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Investigation uncovers billionaire's connection to anonymous company demolishing fragile natural area: 'Destroying such vast tracts of tropical forest'

There are greenwashing parallels that exist between Indonesia's Tanoto and many Western billionaires and megacorporations.

There are greenwashing parallels that exist between Indonesia’s Tanoto and many Western billionaires and megacorporations.

Photo Credit: iStock

On the island of Borneo, a forested area roughly half the size of Singapore is gone. But who is responsible for having removed it? That answer proved more elusive than one might expect.

What is happening?

An Indonesian company called PT Mayawana Persada has deforested an area of Borneo spanning over 100 square miles, and it had proved more difficult than anticipated to figure out who was behind this environmentally destructive company.

However, researchers were able to trace it through a "chain of holding companies" to Royal Golden Eagle Group — one of Asia's largest resource conglomerates — owned by Indonesian billionaire Sukanto Tanoto

"This complex corporate structure, in effect, hides the ultimate beneficial owner(s) of the company and can shield them from the legal and reputational risks of destroying such vast tracts of tropical forest," said Arie Rompas of Greenpeace Indonesia.

Why is this concerning?

Deforestation is an incredibly destructive practice. It destroys entire ecosystems and leaves the living things that depend on them to die, as well as ruining the livelihoods of local Indigenous peoples. 

In 2015, Tanoto's Royal Golden Eagle Group, which uses trees to create its pulp and paper products, publicly committed to a "zero deforestation" policy.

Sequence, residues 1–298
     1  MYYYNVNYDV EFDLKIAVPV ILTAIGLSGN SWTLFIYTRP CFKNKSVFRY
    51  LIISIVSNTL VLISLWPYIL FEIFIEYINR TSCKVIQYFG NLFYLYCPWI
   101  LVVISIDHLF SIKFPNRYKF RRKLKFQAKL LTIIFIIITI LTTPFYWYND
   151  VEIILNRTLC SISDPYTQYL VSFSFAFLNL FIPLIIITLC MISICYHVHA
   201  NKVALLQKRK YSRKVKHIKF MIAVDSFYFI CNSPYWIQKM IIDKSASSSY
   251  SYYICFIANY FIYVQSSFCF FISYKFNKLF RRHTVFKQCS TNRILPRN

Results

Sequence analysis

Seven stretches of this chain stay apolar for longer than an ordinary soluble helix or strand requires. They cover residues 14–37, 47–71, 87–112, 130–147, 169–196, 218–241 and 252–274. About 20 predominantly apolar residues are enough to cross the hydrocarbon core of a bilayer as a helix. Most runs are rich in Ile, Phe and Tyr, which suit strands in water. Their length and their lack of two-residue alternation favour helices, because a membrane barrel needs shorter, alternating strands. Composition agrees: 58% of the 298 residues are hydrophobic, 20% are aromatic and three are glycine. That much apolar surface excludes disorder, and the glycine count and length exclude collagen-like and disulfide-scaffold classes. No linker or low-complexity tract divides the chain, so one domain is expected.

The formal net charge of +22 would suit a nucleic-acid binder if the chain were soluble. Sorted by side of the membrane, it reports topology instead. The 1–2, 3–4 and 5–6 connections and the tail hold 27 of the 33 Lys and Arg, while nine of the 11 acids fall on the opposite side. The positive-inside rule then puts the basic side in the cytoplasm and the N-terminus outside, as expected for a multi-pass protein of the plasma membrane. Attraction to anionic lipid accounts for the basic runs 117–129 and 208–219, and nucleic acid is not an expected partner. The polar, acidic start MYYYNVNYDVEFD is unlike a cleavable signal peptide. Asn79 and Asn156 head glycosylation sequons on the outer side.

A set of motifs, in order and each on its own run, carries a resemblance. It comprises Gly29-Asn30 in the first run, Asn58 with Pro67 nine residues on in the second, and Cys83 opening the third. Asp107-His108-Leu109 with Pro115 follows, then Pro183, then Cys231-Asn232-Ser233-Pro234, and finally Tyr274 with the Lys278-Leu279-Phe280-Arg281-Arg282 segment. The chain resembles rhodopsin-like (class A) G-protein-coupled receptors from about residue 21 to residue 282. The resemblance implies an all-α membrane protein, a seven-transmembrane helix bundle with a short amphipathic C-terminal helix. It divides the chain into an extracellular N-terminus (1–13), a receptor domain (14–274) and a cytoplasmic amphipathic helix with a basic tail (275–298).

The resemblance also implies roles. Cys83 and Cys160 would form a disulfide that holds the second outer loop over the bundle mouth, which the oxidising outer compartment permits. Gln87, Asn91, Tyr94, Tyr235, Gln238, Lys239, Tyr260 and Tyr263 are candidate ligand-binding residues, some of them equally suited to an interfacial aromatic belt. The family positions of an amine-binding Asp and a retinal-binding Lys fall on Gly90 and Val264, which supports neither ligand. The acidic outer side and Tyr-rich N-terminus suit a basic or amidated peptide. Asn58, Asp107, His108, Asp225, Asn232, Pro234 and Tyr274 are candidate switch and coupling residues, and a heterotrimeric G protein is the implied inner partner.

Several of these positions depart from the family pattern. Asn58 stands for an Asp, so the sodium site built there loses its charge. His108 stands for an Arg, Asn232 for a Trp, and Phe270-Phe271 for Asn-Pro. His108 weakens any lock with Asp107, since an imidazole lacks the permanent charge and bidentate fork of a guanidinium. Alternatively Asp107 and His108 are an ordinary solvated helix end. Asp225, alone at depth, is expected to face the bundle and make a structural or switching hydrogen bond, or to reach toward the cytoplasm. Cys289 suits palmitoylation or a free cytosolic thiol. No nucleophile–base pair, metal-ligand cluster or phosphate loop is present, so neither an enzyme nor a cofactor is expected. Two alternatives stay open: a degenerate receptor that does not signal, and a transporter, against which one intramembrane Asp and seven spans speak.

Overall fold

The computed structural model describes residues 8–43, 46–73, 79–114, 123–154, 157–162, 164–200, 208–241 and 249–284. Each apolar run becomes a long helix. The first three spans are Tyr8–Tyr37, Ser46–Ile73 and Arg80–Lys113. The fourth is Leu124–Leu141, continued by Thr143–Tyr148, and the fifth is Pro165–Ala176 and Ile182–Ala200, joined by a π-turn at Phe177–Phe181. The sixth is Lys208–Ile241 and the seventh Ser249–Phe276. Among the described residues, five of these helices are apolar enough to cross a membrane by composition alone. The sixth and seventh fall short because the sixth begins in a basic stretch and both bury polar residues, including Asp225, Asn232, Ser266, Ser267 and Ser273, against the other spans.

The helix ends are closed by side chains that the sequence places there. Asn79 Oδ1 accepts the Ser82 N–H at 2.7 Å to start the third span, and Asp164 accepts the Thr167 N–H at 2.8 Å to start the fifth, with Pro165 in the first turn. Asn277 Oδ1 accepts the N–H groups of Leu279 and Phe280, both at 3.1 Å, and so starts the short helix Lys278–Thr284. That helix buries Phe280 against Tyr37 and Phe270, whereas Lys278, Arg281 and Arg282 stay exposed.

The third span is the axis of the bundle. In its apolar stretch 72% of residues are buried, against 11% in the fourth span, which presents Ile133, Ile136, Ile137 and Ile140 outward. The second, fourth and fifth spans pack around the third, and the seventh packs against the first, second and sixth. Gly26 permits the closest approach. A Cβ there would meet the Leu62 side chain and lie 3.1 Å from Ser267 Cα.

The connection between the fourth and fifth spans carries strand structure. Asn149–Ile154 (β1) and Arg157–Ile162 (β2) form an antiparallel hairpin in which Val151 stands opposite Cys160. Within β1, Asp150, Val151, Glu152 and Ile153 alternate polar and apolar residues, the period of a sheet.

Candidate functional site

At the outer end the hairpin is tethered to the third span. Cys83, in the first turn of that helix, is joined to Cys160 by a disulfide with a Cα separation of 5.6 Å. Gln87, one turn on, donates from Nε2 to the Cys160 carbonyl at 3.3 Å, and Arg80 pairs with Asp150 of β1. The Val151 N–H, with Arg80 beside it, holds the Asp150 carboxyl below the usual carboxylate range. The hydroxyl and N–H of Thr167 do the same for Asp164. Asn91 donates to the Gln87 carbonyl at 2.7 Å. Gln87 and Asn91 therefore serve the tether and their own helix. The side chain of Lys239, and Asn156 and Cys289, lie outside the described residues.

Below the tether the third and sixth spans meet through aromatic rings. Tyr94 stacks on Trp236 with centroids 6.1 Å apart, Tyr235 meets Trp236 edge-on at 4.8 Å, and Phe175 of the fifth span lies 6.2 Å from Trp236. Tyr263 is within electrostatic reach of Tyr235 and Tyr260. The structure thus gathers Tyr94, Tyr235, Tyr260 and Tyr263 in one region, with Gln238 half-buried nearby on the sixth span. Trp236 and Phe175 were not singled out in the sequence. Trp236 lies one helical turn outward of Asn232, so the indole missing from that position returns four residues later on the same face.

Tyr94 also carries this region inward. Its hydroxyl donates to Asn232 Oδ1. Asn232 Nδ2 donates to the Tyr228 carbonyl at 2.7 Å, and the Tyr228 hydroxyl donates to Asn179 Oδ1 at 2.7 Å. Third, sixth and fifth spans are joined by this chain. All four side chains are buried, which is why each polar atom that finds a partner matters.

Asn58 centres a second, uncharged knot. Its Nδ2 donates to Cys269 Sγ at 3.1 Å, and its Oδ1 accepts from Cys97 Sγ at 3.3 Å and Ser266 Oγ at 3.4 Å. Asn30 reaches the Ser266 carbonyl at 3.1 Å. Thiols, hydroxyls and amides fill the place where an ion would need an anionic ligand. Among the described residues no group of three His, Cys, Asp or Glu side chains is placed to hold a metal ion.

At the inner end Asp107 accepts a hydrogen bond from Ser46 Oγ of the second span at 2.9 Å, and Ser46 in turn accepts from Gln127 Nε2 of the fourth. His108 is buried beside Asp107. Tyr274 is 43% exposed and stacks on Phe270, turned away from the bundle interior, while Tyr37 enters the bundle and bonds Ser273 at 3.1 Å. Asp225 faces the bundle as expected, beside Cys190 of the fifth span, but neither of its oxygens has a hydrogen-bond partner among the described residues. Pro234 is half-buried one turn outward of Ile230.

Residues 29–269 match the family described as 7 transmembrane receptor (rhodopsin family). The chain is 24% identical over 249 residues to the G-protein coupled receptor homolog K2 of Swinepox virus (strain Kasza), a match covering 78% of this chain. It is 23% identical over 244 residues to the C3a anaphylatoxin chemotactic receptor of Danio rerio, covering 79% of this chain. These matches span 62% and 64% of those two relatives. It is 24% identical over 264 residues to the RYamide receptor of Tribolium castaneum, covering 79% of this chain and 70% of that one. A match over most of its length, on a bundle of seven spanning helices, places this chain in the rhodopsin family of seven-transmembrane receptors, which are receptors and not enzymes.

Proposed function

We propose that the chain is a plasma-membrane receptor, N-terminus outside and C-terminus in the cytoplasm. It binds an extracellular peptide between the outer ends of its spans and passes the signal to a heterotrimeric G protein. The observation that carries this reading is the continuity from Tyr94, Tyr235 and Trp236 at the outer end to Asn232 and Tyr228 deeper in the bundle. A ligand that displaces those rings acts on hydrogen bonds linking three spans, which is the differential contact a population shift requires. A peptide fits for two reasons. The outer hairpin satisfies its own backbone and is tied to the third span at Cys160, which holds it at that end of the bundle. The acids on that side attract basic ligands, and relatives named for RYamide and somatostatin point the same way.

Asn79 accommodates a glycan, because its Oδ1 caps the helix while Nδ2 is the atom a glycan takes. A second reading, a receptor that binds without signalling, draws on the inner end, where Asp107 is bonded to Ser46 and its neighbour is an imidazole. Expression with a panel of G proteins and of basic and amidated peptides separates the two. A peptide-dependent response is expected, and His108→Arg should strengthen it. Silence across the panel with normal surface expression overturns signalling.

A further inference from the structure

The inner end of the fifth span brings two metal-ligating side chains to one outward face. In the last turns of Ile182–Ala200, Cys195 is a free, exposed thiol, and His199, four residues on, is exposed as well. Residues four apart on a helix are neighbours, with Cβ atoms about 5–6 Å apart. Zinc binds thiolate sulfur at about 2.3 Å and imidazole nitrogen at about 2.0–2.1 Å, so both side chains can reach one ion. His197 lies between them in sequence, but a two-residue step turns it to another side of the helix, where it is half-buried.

However, instead of following through on that commitment, it seems that the company simply attempted to hide its activities in a trail of paperwork.

This practice — in which a company tries to score points with the public for caring about our planet but then engages in practices that destroy the environment — is known as "greenwashing." And there are greenwashing parallels that exist between Indonesia's Tanoto and many Western billionaires and megacorporations, from Google to Amazon to Tesla.

What is being done about it?

Clearly, the concept of doing the right thing will never make any headway with people like Tanoto or the ones who run the companies listed above, who view such a framework as being in direct contradiction to maximizing the profits that they place above everything else.

Instead, for these companies and decision-makers to change their behavior, they must be presented with consequences that directly threaten those cherished profits.

The consequences can take the form of legislation that makes it more difficult to harm the planet, or consumer boycotts of companies that pollute our planet.

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